The long-delayed low-spec chips will first appear in the Lenovo IdeaPad 330.
Intel has revealed its 10nm Cannon Lake processors are now available on the Lenovo IdeaPad 330, 12 months after they were first announced and two years after they were originally supposed to launch.
The Core i3-8121U is a low-spec chip, for use in mid-range notebooks according to Intel’s Ark catalogue, which details all of its component's specifications.
It's a dual-core processor with four threads and clocked at 2.2GHz, with an upgrade to 3.2GHz in Turbo Boost mode.
Intel’s Core i3-8121U supports LPDDR4 and LPDDR4X memory, both low-power versions of DDR4 RAM. This means less power is used even alongside high memory configurations, making it a more efficient option for low-end devices.
There doesn't appear to be any graphics support as per the listing, although this isn't unusual for Intel’s low-end chips. It also offers 4MB of level 3 cache and the theoretical memory bandwidth figure has also been upgraded to 41.6GB/s, up from 34.1GB/s.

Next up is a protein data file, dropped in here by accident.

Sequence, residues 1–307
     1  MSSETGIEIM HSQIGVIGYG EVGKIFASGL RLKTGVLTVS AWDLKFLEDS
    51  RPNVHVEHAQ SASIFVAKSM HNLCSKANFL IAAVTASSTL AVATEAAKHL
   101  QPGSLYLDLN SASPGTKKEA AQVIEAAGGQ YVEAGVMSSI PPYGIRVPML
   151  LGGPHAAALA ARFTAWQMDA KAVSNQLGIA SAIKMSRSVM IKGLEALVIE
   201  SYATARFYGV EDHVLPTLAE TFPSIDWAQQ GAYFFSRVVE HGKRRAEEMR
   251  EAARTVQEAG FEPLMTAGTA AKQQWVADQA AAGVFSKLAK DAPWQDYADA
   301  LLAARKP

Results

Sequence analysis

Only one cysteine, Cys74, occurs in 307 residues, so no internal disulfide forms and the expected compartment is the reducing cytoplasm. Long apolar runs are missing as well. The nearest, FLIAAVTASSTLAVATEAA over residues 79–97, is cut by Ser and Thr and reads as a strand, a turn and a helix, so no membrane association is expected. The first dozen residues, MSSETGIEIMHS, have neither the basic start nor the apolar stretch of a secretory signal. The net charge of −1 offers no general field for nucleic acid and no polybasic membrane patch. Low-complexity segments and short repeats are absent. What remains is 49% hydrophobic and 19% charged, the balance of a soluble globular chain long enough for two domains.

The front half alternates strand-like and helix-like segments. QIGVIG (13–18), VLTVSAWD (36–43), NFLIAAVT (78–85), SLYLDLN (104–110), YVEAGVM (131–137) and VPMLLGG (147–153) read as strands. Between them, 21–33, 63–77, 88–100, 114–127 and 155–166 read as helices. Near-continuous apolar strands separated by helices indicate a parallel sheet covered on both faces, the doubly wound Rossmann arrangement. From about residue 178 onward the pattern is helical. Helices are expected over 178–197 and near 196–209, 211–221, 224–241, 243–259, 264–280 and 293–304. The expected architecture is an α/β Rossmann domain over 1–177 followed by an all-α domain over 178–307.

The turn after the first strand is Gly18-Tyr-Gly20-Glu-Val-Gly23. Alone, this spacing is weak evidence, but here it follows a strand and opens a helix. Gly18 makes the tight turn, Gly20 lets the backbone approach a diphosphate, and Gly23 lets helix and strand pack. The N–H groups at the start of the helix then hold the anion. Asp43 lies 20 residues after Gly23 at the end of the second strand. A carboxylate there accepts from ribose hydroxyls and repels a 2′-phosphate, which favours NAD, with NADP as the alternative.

It's a low-end chip, hence the i3 in its name and the U tagged on the end tells us it’s a 15W chip. The 8 stands for eighth generation, lining it up alongside the Kaby Lake-R, Kaby Lake-G, and Coffee Lake processors, built upon the 14nm architecture.
Intel originally said its 10nm processors would be available at the end of 2015, but production was pushed back until 2019 in the company's latest financial results. Citing problems with producing the chips at scale, CEO Brian Krzanich said the company had "bit off too much" when it came to promising delivery targets for the technology.
However, this latest news suggests the company has finally been able to manufacture them on a large enough scale to power Lenovo’s IdeaPad 330.